Owens predicts the NCA will eventually double in size (though, more immediately, its budget will be cut by £10m in 2019). It is also due to add a national crime data collection and analysis centre which, in another disturbing anomaly of over-localisation, Britain does not currently possess. But even an NCA of twice of the size would struggle, given its almost limitless remit and the manpower required by each case. The ongoing child abuse inquiry in Rotherham, for example, in which there are 1,510 victims and 110 suspects, employs 144 officers. In February, Paul Williamson, the NCA’s senior officer in the investigation, said he needed 100 more.
Because the NCA was always intended to work through other forces – unlike the FBI, whose officers supersede county sheriffs or city police departments – a head count might be misleading. But several visits to the NCA’s Vauxhall headquarters this year revealed core missions that were understaffed and an agency struggling to retain people. NCA deputy director Dan Mahoney said that until this year, NCA officers had a £5,000-£15,000 pay gap relative to regular police in equivalent jobs. That helps explain an annual NCA attrition rate of 8%, rising to 20% in cyber-crime (a lucrative specialism in the private sector). NCA board member Nick Alston is blunt: “The NCA has never been properly enabled.” For Levi, the government adviser, the need for more funding is “obvious”, but it is also a fair to ask whether any agency could ever match the behemoth of organised crime. “Are the police ever up to the job?” he asks.
When I asked Owens to name her biggest success, she picked the case of a Birmingham internet sadist jailed in February for torturing and blackmailing 300 women across the world, without ever meeting a single one.
By convening a virtual investigation room over encrypted email and video-conferencing that included county forces, GCHQ, the FBI, the US Department of Homeland Security, the Australian Federal Police, Europol and private businesses, the NCA managed to show that the same individual was behind three of the most notorious avatars using dark web “hurtcore” sites, and also posed as “Liz”,using online classifieds to buy nude or topless pictures, with which they then blackmailed the senders. Altogether, this person had 50 email addresses and 70 online identities, and had abused and tortured at least 50 women and girls in the UK, and had made contact with 250 more overseas. The degree of sadism was excruciating. Owens said “Liz” would force victims to “hurt their bodies, eat dog poo, lick toilets, insert things into themselves, rape their own children. Liz videoed all of it.” Seven of Liz’s targets had attempted suicide.
In March 2017, the investigators, using a handful of techniques they cannot disclose, were able to identify an IP address, which led to Matthew Falder, a 29-year-old Birmingham University geophysics professor and Cambridge graduate whose girlfriend, parents and friends had no knowledge of his online life. In February, Falder was sentenced to 32 years in prison for blackmailing 137 women and girls into torturing and sexually abusing themselves. (In October, his sentence was reduced on appeal to 25 years.)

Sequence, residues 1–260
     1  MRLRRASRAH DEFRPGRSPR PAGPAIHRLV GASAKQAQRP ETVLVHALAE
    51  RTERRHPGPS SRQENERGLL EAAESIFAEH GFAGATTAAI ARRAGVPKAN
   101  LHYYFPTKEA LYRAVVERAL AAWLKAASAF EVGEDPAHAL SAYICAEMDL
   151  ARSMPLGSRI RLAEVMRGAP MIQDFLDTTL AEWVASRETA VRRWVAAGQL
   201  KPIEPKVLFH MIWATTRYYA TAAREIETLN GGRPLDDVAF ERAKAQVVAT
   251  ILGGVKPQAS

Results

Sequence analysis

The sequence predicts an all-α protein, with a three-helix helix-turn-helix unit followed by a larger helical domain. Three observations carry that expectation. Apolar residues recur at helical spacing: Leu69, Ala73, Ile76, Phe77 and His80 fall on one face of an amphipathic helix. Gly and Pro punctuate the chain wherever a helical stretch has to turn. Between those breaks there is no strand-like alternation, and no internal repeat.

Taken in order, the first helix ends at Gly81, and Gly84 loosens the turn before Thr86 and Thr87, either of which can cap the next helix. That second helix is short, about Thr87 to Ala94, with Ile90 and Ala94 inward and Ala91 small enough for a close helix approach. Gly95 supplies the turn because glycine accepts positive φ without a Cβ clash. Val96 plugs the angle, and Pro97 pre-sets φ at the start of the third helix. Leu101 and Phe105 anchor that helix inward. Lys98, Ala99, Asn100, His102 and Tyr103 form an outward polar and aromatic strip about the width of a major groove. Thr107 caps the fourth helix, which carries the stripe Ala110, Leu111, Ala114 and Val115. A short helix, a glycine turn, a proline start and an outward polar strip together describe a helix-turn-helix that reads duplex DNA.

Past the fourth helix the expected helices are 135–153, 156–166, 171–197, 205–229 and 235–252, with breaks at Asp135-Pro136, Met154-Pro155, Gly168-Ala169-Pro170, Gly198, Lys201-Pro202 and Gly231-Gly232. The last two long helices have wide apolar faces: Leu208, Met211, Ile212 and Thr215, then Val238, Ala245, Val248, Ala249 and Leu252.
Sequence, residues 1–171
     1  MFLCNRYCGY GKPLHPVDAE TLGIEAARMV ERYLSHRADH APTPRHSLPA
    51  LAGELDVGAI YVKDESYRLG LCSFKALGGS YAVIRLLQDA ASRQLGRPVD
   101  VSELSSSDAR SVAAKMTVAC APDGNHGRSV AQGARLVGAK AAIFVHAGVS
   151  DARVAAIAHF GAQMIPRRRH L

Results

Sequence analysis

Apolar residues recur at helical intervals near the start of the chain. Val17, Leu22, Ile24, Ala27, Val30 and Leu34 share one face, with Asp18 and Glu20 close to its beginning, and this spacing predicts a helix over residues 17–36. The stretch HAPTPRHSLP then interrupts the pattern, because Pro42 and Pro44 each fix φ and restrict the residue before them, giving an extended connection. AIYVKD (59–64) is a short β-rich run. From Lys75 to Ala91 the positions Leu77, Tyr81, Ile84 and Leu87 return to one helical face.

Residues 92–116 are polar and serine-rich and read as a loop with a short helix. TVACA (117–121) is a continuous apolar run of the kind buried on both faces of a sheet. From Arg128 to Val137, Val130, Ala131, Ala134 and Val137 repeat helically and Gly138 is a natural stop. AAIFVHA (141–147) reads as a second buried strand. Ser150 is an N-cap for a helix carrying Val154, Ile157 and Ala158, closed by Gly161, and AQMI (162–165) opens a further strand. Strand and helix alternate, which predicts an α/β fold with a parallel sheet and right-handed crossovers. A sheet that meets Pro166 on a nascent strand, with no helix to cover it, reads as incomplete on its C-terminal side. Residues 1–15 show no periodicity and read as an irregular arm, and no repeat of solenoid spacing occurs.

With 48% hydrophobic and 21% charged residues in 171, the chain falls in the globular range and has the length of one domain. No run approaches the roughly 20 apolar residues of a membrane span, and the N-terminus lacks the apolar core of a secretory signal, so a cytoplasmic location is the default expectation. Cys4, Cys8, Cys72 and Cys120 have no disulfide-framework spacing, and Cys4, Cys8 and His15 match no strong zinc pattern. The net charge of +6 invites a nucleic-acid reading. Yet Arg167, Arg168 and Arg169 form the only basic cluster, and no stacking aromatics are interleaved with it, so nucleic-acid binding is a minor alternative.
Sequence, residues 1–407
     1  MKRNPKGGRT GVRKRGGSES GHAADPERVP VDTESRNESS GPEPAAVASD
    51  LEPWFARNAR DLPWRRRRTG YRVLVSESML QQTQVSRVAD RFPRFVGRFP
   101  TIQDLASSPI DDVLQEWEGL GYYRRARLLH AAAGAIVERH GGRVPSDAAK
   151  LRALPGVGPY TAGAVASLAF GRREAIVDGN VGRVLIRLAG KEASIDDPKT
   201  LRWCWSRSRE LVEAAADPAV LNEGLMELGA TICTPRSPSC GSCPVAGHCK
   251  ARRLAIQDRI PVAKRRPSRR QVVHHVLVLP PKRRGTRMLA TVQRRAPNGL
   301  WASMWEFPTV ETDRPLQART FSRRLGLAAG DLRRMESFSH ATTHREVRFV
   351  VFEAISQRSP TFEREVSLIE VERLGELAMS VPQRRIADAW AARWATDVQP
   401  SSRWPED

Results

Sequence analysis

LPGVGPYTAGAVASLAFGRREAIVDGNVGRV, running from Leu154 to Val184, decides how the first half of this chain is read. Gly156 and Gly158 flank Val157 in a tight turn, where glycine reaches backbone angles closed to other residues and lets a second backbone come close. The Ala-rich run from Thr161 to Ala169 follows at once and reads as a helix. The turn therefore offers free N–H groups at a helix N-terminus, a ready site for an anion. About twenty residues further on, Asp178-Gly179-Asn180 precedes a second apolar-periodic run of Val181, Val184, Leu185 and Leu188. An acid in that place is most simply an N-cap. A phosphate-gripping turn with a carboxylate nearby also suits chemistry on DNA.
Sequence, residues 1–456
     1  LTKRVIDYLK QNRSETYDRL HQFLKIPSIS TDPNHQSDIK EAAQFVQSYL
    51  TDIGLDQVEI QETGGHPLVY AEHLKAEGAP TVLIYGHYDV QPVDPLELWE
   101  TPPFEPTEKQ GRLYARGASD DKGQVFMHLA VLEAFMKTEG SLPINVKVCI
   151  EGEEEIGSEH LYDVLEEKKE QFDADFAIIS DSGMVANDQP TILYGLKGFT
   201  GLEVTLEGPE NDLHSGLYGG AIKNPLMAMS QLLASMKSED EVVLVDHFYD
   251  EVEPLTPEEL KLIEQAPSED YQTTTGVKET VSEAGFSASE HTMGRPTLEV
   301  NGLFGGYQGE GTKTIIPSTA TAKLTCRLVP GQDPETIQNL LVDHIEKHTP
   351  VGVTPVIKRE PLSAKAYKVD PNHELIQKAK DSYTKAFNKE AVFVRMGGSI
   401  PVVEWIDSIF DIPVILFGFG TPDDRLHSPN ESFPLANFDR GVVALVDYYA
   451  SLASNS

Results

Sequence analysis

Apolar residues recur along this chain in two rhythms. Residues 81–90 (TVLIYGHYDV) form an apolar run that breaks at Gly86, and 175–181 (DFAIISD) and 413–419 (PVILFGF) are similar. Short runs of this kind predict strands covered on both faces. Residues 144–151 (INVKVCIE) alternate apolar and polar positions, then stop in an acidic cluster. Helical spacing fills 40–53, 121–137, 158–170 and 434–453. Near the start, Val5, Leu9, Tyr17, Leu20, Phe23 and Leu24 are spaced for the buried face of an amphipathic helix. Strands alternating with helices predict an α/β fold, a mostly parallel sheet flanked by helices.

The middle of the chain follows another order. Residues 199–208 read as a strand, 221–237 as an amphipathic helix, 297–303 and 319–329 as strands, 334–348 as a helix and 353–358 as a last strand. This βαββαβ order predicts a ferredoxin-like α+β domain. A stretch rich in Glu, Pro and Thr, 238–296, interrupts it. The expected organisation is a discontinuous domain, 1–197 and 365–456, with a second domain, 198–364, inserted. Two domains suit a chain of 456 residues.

For Owens, the case was proof of concept for the NCA’s centralised, coordinating approach. “Falder is not only the best example of how we can do better, it proved a new capability,” said Owens. “But we don’t need 43 forces doing it. We need one.” Yet Falder was not an organisation, nor even a gangster, but a single man whom it took scores of officers around the world years to find. In that sense, the case also can’t help underline how outmatched the police are by new types of crime and criminals.
The NCA’s near-infinite mission poses other problems. For one, it makes it hard for the agency to define itself, to itself and others. Organised crimetakes many guises – from a tight Italian clan to a group of hackers who never know each other’s names and coalesce for mere hours. “Some criminologists think it’s a complete illusion to talk about organised crime,” says Levi. With an enemy so difficult to describe, he adds, “it’s not obvious to most people what the NCA does”.
The picture is further muddied by the fact that other forces already pursue organised crime, as do 10 regional organised crime units and a multitude of financial agencies, such as HMRC and the Financial Services Authority. Asked to delineate his work from the NCA’s, a senior Met detective who pursues drug dealers and money launderers demurred: “To be honest, I’m not sure what they do.”
Anna Sergi, an Italian criminologist who spent six months at the NCA, says this overlap has left the agency’s purpose unclear: “If you’re going to take over [the fight against organised crime], take it over. Don’t just take over a little bit.” Trying to do too much with too little leads to internal confusion, she adds. “You are trying to create an organisation made up of police officers, national security officers, financial investigators, social workers, psychologists, behavioural scientists, all coming together with their own backgrounds to create a security agency. On a low budget, expecting fast results, this is a real challenge.”
The NCA’s modest funding and inner muddle are on display at its headquarters, two non-descript low-rise buildings near the train line in Vauxhall. “The organisations that formed the NCA suffered massively from under-investment,” says deputy director Mahoney. “Down where my office is, even the heating and lifts don’t work.”